3. Continuous rotation of bee generations. Brood followed by adults followed by brood is analogous to crop rotation in commercial agriculture, where the growing of one crop is often followed by sowing another. The article suggested a good example of this is tracheal mite infestation, which cannot keep up with replacement of bees by a colony in normal times. There is also evidence of active movement of mites into older bees. However, when older bees live longer, the mites may get the upper hand.

4. Swarming. A major defense is building new wax combs after bees swarm from their old colony. This appears to be a predominant strategy of African honey bees, which not only swarm, but also abandon (abscond from) their nests.

5. Restricting disease to either larvae or adults. This strategy ensures that if larvae are diseased, adults are not and vice versa. Both stone brood and Varroa are exceptions to this rule.

6. Control of fertility and population control. More in evidence in Varroa infestations, the mite's preference for drone brood deflects parasites away from workers. In addition, the heavier cappings on affected drone brood, if left intact, ensure no mites will emerge.

7. Immune reactions. Bactericidal molecules (peptides) are formed in individual bees and consumption of foreign materials (phagocytosis) by blood (hemolymph) cells has also been observed.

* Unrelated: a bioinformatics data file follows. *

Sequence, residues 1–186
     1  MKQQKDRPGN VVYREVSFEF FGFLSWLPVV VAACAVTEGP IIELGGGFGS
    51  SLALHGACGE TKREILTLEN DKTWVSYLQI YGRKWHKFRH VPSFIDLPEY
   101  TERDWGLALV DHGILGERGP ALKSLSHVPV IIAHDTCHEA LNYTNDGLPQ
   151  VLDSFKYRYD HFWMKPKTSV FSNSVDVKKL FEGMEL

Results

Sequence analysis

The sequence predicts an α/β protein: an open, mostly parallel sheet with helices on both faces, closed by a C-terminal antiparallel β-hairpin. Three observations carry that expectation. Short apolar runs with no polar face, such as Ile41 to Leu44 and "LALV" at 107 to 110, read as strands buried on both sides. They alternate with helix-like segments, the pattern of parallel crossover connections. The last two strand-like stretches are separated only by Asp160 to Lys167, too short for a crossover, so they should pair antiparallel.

8. Stinging and biting. The first is self-evident. Biting has been shown to be a defense mechanism against Varroa, but found at low levels in European bees.

9. Proventriculus and peritrophic membrane. The former structure prevents entry of foreign organisms (bacteria, pathogens) from the crop or honey stomach into the digestive system. The latter lines the digestive tract, protecting it from rough materials and also preventing entry of bacteria and fungi into the hemolymph.

10. Antibiotic substances. An extremely important aspect of the honey bee's defenses, these chemicals can be found in honey (called "inhibine"), stored pollen and propolis (flavonoids, terpenes). These substances have also been implicated in human health concerns, including the use of diluted honey as a surgical dressing and consumption of propolis as preventative medicine.

The article concluded with another question: How can the beekeeper manage bees without interfering with the above natural strategies? There are five recommendations: